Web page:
Lose Your Watch, Get A Talent (Advise for Well-To-Do Business Owners)
The other day I was having dinner with some of my friends when one of them asked me how they should hire, and most importantly retain, talent. Now it is important to note the context in which this conversation took place to get rid of some misunderstanding.
My friends in the room are all developers. Many of them are, in fact, more well to do than I am. In fact, one of them is wearing a watch, which if memory serves me well is valued at RM 700,000+ minimum. Of course, his is an exceptional case, the average price of the watches in the room is probably RM 200,000. It was on this basis that I started my advice.
I tell them, “Just pretend that you have lost a watch a year.” At first it caused some confusion, but soon it become clear. Assuming that your watch is RM 240,000 per year, it translates to RM 20,000 per month. I am sure you would agree with me that an executive who can command a pay of RM 20,000 should be quite a talent himself and is quite capable.
We should hire people like these and give them a clear set of goals. If during the 3 months probationary period they are able to achieve their targets, then we know that these are the people we should keep. Otherwise, after the three months probationary period we can try other candidates.
How many quarter are there in a year? Four. Assuming that we need only one of these candidates, then there is a 1/4 chance we will be hiring a talent within the year. 25% chance! If let’s say within the year we are still not landing a talent?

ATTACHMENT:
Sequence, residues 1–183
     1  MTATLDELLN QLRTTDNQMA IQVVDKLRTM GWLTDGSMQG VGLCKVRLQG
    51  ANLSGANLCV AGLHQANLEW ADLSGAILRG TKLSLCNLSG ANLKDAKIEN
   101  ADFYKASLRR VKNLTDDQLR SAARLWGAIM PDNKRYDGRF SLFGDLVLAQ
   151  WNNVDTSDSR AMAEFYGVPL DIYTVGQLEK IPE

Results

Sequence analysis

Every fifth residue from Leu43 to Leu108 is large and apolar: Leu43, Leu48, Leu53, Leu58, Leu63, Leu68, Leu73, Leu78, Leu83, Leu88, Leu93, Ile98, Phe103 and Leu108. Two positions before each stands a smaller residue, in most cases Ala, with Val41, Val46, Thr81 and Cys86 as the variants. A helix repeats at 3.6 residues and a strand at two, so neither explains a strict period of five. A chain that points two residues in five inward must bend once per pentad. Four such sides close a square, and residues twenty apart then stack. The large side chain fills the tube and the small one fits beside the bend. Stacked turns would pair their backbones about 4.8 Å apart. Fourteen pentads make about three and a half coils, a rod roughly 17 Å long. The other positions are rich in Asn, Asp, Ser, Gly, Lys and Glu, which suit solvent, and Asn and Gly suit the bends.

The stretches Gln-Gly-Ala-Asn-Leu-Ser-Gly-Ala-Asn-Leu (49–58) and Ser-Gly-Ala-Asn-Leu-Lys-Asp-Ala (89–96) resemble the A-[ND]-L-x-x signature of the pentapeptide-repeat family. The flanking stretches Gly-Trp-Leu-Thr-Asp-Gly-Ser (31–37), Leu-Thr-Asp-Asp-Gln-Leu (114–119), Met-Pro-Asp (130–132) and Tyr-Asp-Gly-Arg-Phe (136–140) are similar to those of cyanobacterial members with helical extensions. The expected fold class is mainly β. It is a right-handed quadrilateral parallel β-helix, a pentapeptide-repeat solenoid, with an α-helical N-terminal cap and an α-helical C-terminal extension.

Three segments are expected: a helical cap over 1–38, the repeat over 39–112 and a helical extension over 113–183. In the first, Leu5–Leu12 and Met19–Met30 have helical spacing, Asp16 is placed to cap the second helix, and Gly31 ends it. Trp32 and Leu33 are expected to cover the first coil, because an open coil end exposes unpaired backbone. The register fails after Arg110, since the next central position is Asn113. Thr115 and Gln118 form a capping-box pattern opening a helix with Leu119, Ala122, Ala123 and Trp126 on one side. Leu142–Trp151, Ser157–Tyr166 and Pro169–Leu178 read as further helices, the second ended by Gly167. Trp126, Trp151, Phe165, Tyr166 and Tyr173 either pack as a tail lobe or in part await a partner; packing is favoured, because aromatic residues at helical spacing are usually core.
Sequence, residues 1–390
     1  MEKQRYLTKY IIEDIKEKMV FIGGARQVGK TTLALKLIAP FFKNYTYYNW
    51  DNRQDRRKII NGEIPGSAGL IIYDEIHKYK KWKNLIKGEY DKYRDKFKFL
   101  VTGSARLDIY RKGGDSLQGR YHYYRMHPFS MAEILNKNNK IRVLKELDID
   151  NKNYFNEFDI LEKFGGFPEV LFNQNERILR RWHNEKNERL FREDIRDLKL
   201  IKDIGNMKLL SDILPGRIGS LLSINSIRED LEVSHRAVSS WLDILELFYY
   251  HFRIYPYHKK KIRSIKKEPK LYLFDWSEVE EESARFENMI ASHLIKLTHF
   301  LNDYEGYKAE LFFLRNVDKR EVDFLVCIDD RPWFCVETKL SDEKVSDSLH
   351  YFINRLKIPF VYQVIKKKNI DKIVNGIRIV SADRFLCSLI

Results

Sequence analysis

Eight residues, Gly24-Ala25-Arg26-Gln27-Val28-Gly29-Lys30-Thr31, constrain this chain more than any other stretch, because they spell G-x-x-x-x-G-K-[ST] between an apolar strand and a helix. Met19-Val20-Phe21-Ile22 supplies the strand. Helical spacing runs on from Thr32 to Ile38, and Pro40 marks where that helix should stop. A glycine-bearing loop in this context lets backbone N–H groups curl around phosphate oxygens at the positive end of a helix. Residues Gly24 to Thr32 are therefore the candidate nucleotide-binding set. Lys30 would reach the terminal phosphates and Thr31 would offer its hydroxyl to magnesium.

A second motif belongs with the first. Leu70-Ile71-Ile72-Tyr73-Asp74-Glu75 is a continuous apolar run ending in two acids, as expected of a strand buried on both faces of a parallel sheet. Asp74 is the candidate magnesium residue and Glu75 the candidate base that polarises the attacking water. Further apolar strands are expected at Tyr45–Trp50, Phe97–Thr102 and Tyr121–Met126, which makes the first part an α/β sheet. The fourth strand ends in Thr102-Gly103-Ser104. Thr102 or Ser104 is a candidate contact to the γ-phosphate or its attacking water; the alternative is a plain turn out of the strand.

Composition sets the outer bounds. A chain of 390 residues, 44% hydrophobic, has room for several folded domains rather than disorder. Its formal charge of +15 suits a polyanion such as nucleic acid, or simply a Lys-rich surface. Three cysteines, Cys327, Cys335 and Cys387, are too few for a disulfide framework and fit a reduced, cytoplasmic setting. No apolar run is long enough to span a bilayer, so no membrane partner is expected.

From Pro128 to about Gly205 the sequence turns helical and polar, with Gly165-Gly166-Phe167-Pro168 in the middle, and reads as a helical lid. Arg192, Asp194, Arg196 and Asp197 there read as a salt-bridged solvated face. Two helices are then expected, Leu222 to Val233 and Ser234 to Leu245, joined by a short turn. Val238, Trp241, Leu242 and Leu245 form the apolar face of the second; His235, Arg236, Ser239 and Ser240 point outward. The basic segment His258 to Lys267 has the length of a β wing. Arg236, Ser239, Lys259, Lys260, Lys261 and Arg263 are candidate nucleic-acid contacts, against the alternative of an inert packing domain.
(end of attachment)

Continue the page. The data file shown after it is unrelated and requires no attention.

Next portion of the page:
The short answer is – repeat process. That’s 1/8 change of hiring the right person. 12.5%. I think by now you would agree with me that there is a high chance that you will land yourself the right candidate within the next 24 months.
The key here is to reinvest in your business. Many small and medium enterprise do not walk the talk when it comes to this matter. They make that few million ringgit (under RM 5 million) and spend the money on themselves instead of in their business.
The result? The business doesn’t grow and they are wondering why. That small profit that you are making is actually “seed money” for you to expand your business. Just like how you need some seed money to start your business, expanding your business also requires capital.
If you prefer to spend the money on yourself instead of in your business, in searching for talent to help you grow, the choice is up to you to make. Just that now you cannot be wondering why your business is not growing anymore, you know the answer now – it is because you are not feeding it!